John Forrest Ruttledge
The son of Colonel Alfred and Mary Ormsby Ruttledge. John was born in Birr on 1st August 1894. John attended Sandhurst Military college. He entered training to become an officer on 12th February 1913. He completed his training on 17th December 1913. He was commissioned in the 2nd battalion, West Yorkshire Regiment as a Second Lieutenant. He must have been following his father’s footsteps as Alfred had been a colonel in the same regiment. John was promoted to Lieutenant in November 1914 which was around the same time he was sent to France. Lieutenant Ruttledge was mentioned in the London Gazette in March 1915 as having been awarded the Military Cross.
“For great coolness and gallantry on 19th December, 1914 near Neuve Chapelle. When his company were moving over open ground under heavy fire many casualties occurred, and Lieutenant Ruttledge remained to the last helping the wounded away to cover.”
Lieutenant Ruttledge was promoted to Temporary Captain in April 1916. Captain Ruttledge was killed in action on the 1st day of the Battle of the Somme along with thousands of men. He is remembered with honour on the Thiepval Memorial in France.
Joseph was the son of Daniel and Annie Skerritt. They lived in Townspark, Birr, King’s County. Joseph served as a Sergeant in the 1st Battalion Royal Dublin Fusiliers. He was killed in action in Gallipoli on 29 Apr 1915. Joseph was just 26. His name is commemorated on the Helles Memorial, Turkey.
A native of Birr, Launcelot Joseph Moore Studholme was born in 1884. He was the son of Joseph and Mary Studholme. Launcelot was commissioned in the Leinster Regiment in December 1914 and rose to the rank of Captain. He was Mentioned in Dispatches which appeared in the London Gazette in January 1917. Captain Studholme was killed in action on 9 September 1916 while on the Somme with the 7th battalion, Leinster Regiment. Captain Launcelot Studholme has no known grave is commemorated on the Thiepval Memorial in France.
More research is need to determine who this mans identity is.
“To The Glory Of God
In Loving Memory of
Major Frederic Eckersall Nixon-Eckersall
(Royal Garrison Artillery)
Oldest Son of the Revd. Eckersall Nixon
Born 29th Sept. 1869.
Killed in Action 10th Nov. 1917.
And Buried at Ypres”
“To The Glory of God
And in Grateful Memory of
Lancelot J.J. Studholme
Captain 7th Leinster Regiment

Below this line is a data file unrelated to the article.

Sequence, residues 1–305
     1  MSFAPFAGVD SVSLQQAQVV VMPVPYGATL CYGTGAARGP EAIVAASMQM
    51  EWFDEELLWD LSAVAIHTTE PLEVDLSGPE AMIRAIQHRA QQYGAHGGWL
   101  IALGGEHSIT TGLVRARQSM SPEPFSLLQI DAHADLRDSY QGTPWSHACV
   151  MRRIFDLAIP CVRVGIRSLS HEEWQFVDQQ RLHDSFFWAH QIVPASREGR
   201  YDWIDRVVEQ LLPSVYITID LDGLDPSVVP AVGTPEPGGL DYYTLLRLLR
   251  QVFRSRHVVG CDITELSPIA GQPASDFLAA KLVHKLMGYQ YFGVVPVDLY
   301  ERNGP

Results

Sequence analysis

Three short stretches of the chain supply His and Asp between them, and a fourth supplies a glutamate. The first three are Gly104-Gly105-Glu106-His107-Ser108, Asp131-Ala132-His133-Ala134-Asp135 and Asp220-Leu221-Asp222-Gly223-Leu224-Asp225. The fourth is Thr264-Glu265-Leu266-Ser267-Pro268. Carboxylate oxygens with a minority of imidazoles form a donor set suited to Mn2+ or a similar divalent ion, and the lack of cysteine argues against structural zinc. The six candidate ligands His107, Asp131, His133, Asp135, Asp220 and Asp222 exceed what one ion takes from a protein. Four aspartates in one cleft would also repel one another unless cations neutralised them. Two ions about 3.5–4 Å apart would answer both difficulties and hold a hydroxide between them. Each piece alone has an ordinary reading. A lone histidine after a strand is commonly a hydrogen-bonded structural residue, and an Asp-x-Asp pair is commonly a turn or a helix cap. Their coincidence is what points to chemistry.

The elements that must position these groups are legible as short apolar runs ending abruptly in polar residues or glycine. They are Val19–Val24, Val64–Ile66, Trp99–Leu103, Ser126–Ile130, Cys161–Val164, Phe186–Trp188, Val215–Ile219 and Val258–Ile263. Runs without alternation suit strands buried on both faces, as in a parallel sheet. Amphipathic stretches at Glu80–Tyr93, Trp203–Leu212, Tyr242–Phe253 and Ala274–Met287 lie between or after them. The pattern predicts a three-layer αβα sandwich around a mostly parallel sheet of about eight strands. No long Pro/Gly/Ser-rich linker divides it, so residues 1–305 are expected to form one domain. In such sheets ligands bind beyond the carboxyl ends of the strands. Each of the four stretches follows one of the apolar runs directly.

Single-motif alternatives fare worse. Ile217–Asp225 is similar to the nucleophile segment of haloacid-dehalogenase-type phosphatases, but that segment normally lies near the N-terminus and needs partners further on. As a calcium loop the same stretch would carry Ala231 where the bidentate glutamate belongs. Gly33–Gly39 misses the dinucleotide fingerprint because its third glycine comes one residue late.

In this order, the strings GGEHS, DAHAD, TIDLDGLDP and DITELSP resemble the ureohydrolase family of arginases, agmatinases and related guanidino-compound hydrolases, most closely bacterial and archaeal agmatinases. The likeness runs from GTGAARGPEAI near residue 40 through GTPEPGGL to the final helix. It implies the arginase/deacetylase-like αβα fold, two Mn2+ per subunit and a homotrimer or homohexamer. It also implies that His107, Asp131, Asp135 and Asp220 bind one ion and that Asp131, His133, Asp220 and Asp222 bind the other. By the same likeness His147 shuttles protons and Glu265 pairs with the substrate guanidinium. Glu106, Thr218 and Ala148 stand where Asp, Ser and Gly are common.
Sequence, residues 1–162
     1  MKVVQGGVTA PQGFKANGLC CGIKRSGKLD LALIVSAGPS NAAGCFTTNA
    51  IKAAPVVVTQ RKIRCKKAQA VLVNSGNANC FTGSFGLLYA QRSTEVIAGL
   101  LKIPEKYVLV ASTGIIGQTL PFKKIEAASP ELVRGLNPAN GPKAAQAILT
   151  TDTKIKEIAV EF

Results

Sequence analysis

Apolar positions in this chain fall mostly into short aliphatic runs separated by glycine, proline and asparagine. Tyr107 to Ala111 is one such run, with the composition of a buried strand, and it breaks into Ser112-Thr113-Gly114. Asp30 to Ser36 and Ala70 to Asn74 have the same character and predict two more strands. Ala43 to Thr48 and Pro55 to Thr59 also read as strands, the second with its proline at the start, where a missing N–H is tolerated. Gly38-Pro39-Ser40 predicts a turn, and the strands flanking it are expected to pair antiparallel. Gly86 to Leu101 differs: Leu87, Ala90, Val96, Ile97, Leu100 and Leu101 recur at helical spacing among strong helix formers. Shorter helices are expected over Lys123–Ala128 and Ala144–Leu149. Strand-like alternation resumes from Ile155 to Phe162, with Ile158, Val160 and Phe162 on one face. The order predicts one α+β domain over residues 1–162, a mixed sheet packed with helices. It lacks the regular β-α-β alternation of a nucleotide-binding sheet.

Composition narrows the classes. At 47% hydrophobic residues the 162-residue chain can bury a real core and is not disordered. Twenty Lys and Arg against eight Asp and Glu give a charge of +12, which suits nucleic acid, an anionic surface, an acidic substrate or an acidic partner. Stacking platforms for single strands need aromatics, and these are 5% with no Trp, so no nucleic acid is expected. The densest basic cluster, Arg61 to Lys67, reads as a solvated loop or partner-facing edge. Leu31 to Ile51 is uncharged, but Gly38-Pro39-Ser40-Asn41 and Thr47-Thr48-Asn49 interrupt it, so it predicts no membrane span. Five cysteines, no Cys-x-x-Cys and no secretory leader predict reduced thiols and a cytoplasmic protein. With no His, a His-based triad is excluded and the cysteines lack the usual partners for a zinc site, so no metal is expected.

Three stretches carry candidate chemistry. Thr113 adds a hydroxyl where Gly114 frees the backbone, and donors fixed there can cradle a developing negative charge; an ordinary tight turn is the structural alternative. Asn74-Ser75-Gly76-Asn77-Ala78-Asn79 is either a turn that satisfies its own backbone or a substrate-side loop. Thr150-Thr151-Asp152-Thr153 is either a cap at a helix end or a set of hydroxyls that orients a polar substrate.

Only Surviving and Dearly Loved Son of
The Late Joseph Studholme & Mrs. Studholme
Ballyeighan King’s County.
Killed in Action on the Somme The 9th of
September A.D. 1916 Aged 31 Years. While
Trying to Save A Wounded Comrade
Greater Love Hath No Man Than This
That A Man Lay Down His Life For His Friends
Erected As A Tribute of Esteem By The
Parishioners and Rector of Kilcolman Who
Mourn the Loss of a True Friend & Parishioner
A Valued Member of our Synod and Counci
And a Devoted Churchwarden for many
Years During Which he was a Generous Donor
To Both Parish Churches and School”
“In Memory of
William Edward Parson
Fifth Earl of Rosse
Major Irish Guards
Born 14th June 1873
Joined Coldstream Guards
14th May 1897 Served in the
South African War
Transferred to the
Irish Guards 2nd May 1900
Died 10th June 1918 From
Wounds Received in Action
In France 18th May 1915”
2nd World War
“In Proud and Grateful Remembrance
Of Those Who Gave Their Lives in
The Second World War
The names on the memorial are as follows;
Aymer Vivian McIvor Campbell
Aymer was the son of Brevet Lt.-Col. Charles Augustus Vivian of the Indian Army and Mary Hastings Vivian (Nee Studholme, Mary was the brother of Launcelot Studholme who was killed on the Somme). Mary was a native of Birr. (Charles died during the First World War). Campbell served as a Captain in the 2nd battalion, Black Watch. He was killed in action on 21 November 1941 while fighting at Tobruk. He was 32. Aymer’s brother John was also killed during the war. John was Squadron Leader in the Royal Air Force. He died on 8 September 1941. Aymer Vivian’s name is commemorated on the Alamein memorial in Egypt
Sadly this man is too hard to narrow down. Further research is required.
Charles Desmond Hackett
Squadron Leader Charles Desmond Hackett served in 27 Squadron Royal Air Force. Charles died on 4th April 1941, he is commemorated on the Singapore memorial. He was the son of Charles Bernard and Dorothy Hobart Hackett, stepson of Olive J. Hackett of Birr, Co. Offaly.
Richard Henry Johnson was the son of William and Elizabeth Johnson of Woodfield, Birr. He joined the Royal Engineers and was posted to the 17th Field Company. Lance Sergeant Johnson took part in the Normandy Landings on the 6 June 1944. His unit was responsible for laying pontoon bridges during the invasion. The 17th Field Company had the task of bridging the Caen Canal, which they did on the 8 June 1944. This is also the day that Lance Sergeant Johnson died. Lance Sergeant Johnson was laid to rest in Ranville War Cemetery in France.
The identity of this man is unknown.
Robert Thomas Neville
Robert was born in Birr on 24th October 1911. He was the son of William and Emma Jane Neville. At some point during Robert’s early life he moved to Canada, an exact date is unknown as he can’t be found on passenger lists of the time. Presumably on the outbreak of War Robert enlisted into the Royal Canadian Air force. He served as a Pilot Officer in 419 Squadron. His squadron originally flew in a Handley Page Halifax heavy bomber but converted to using Lancaster Bombers. On 23 October 1944 while on a bombing mission to Essen, Germany Pilot Officer Neville’s bomber took heavy anti-aircraft fire and was shot down. The crew of seven men all lost their lives.
Robert and his comrades are buried in Reichswald Forest War Cemetery, Germany.
Patrick Mervyn Wilson
Patrick was the son of Dr. R. Mervyn Wilson and Mrs. N. K. Wilson of Birr. Patrick served as a sergeant in the British Columbia Regiment. Sergeant Wilson was killed on 9 August 1944. He is buried in Bretteville-Sur-Laize Canadian War Cemetery, France.
Acknowledgements and Sources
Venerable Wayne Carney, for allowing access to St. Brendan’s church and its records
Mr. Andrew Boughton
Mr. Roger Lunt, a relative of Charles Howes, for allowing use of family photographs
Commonwealth War Graves Commission
Soldiers that Died in the Great War
De Ruvigny's Roll of Honour
The Geographic Journal